Valérie Hermann is to apply her merchandising, operations and marketing prowess to French heritage brands Bonpoint and J.M. Weston, WWD has learned.
The high-profile fashion executive, who was most recently president of global brands at Ralph Lauren Corp., has been tapped by private investment firm EPI to be managing director of its fashion and luxury division, which includes Bonpoint and J.M. Weston. She starts Jan. 8 and also will become a member of EPI’s executive committee.
Hermann is to lead the strategy of the division, in collaboration with Christopher Descours, president of the Paris-based family holding, which also has investment and real estate arms.
“She will also ensure the operational monitoring of the houses, in conjunction with their presidents, in order to accelerate their international development while preserving their identity, enhancing their know-how and ‘art de vivre’ spirit throughout the world,” EPI enumerated in a statement, which it shared exclusively with WWD on Monday.
Descours said Hermann’s “expertise in the luxury and fashion sector, her managerial experience and her knowledge of international markets are valuable assets in meeting our growth ambitions.”
Acquired by EPI in 2007, Bonpoint has since more than tripled its store count to about 120 locations as it ramped up its presence in Asia and Europe. Roughly 75 percent of revenues are now generated outside of France, versus about 15 percent 12 years ago, and half of its clientele today is Asian.
Touted as the only French couture house dedicated to children’s wear, Bonpoint recently welcomed Anne Valérie Hash as artistic director, and named Christian Piat, head of EPI in Asia, Bonpoint’s interim chief executive officer.
Luxury shoemaker J.M. Weston, which counts 45 boutiques in the world, mainly in Europe and Japan, spies expansion potential in the United States and Asia, and an opportunity to grow its women’s category, which currently accounts for only about 7 percent of revenues. The brand is slated to introduce a new project around refurbished vintage with a performance in Paris on Jan. 14. Its president is Thierry Oriez.
EPI’s other properties include French bootmaker F. Pinet, the Champagne houses Piper-Heidsieck and Charles Heidsieck, and the wine makers Biondi-Santi, Château La Verrerie and Tardieu-Laurent.
Its investment division recently took a 20 percent stake in Biologique Recherche, the cult French skin-care brand with an institute on the Avenue des Champs-Élysées. It also holds 30 percent of French shirtmaker Figaret.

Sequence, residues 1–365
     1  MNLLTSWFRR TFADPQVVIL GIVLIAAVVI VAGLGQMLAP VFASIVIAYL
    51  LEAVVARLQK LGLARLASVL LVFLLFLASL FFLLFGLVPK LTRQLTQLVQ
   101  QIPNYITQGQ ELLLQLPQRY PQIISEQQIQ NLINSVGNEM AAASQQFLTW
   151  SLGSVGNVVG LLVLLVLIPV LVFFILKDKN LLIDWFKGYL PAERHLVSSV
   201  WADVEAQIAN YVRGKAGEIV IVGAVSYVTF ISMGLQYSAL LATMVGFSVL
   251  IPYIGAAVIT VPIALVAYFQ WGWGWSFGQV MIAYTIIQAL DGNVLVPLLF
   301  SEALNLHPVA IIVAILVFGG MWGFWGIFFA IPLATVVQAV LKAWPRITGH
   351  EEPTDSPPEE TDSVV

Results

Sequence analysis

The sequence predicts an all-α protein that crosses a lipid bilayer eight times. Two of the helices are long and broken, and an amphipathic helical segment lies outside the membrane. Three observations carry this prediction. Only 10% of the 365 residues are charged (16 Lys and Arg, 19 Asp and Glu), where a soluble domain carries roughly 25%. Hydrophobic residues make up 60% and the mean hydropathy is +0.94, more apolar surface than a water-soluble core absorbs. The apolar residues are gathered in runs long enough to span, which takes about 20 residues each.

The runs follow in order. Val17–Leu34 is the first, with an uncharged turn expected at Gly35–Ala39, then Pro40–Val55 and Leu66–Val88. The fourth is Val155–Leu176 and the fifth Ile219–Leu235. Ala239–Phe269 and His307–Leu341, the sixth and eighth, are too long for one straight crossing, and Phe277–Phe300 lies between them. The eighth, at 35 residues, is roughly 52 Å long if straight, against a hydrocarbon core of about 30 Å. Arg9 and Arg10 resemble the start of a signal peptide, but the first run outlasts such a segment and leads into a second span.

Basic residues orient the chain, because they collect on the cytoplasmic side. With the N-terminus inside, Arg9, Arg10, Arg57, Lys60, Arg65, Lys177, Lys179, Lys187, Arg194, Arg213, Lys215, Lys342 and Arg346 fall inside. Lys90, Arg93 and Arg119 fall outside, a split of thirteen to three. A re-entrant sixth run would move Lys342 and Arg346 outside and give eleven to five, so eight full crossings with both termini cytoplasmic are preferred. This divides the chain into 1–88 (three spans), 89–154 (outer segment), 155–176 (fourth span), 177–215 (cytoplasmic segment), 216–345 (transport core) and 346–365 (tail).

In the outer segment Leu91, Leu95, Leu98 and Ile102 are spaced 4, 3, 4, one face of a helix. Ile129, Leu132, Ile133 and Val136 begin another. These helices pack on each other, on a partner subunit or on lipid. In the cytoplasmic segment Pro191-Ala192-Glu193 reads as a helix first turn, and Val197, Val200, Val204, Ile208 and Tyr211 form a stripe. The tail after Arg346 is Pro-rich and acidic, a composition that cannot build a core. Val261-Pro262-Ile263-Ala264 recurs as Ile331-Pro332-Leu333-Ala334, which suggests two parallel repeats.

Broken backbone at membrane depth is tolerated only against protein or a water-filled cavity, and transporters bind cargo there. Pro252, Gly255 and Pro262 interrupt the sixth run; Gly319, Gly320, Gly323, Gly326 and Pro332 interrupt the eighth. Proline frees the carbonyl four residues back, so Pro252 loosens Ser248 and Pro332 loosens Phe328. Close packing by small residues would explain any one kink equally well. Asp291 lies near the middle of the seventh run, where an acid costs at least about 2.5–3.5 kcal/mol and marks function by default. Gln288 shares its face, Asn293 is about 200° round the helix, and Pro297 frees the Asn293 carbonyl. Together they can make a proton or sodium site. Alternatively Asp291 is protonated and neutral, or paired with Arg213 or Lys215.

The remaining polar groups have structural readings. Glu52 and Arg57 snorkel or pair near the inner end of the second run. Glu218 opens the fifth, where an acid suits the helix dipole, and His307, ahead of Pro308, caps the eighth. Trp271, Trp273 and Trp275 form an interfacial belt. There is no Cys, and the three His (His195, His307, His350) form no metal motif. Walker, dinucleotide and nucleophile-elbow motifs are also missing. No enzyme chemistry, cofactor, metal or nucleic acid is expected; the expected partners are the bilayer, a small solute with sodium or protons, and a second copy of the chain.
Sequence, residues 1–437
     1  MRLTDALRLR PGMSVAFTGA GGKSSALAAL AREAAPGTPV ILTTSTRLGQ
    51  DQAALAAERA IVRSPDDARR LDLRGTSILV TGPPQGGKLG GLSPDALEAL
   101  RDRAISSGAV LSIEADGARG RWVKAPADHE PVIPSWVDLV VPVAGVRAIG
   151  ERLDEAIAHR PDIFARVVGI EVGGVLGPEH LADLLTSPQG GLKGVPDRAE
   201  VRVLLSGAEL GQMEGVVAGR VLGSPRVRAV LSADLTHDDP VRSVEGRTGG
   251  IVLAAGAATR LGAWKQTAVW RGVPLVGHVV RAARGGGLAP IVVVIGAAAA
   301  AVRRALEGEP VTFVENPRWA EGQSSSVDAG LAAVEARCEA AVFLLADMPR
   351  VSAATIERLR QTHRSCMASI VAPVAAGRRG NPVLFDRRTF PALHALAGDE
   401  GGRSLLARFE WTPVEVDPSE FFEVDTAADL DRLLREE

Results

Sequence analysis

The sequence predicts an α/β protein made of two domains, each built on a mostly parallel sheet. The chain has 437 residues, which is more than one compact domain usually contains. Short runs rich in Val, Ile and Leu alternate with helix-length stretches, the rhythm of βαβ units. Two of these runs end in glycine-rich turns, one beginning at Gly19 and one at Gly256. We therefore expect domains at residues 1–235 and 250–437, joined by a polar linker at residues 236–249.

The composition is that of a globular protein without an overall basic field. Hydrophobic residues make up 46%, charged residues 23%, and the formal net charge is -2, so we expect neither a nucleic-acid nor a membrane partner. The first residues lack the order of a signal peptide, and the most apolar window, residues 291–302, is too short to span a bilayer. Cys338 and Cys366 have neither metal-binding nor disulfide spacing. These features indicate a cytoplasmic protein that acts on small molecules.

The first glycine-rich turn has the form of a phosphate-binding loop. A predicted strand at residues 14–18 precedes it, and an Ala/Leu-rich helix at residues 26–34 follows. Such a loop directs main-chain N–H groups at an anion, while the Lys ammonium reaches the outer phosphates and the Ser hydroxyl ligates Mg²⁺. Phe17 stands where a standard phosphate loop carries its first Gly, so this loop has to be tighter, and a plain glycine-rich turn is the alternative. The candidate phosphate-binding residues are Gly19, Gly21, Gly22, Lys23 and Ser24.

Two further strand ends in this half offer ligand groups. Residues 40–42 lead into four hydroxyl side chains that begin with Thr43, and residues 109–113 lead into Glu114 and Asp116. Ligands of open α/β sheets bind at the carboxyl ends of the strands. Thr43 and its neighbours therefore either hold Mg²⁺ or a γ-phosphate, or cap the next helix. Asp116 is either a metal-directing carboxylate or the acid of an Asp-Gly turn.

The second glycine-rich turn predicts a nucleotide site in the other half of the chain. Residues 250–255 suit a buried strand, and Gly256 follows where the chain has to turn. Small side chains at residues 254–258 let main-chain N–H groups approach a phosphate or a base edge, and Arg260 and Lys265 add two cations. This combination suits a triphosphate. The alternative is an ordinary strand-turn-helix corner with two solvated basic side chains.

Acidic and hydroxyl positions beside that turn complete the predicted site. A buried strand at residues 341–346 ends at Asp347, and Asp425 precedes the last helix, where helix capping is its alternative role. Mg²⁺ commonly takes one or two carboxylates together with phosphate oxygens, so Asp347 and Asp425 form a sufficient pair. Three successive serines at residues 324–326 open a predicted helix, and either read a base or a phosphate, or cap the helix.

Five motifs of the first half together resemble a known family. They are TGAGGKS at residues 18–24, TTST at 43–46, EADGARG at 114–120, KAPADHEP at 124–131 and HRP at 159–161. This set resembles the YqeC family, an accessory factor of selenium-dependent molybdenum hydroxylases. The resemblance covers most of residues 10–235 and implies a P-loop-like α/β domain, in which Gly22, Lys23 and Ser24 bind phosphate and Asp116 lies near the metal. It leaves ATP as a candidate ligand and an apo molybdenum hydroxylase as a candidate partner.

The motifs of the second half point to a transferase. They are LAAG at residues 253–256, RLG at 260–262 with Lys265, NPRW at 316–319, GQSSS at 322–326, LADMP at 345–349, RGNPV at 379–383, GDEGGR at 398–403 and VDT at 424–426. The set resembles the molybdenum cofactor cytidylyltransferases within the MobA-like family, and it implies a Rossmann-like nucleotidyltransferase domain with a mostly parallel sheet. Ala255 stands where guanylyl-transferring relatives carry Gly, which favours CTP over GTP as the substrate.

It is understood EPI is open to expanding its fashion and luxury holdings should the right investment opportunities arise.
For her part, Hermann said she is “happy to be returning to France and to be taking up this new professional challenge by joining a family-driven company and talented teams dedicated to an ambitious business project.”
She exited her position at Ralph Lauren on Sept. 30 after almost three years in the role. Hermann initially joined Ralph Lauren in 2014 as president of Ralph Lauren Luxury Collections, overseeing Black Label, Purple Label, fine jewelry, eyewear, timepieces, handbags, RRL and fragrance. In her most recent role, Hermann had responsibility for all of Lauren’s global brands, overseeing Ralph Lauren, Polo Ralph Lauren, Lauren, Chaps and Home.
Prior to that, Hermann was president and ceo of Reed Krakoff, having helped establish that business as a division of Coach Inc.
Earlier, she was ceo of Yves Saint Laurent in Paris and before that was with LVMH Moët Hennessy Louis Vuitton, where she was president of John Galliano and director of women’s ready-to-wear at Dior. She had also been president and ceo of Jacques Fath. Hermann started her career at the Comité Colbert, the Paris-based luxury goods trade association. A French national, she is a graduate of elite business school HEC Paris.
EPI’s wines and Champagne division is led by Damien Lafaurie; while financial investments, including real estate, is led by Evrard de Montgolfier.
EPI’s roots are in retail and real estate. Descours’ grandfather led Group André, later known as Vivarte, from 1960 to 1996 and the family sold its shares in those French shoe and fashion chains in 2003 and 2007, shifting its focus to more high-end brands.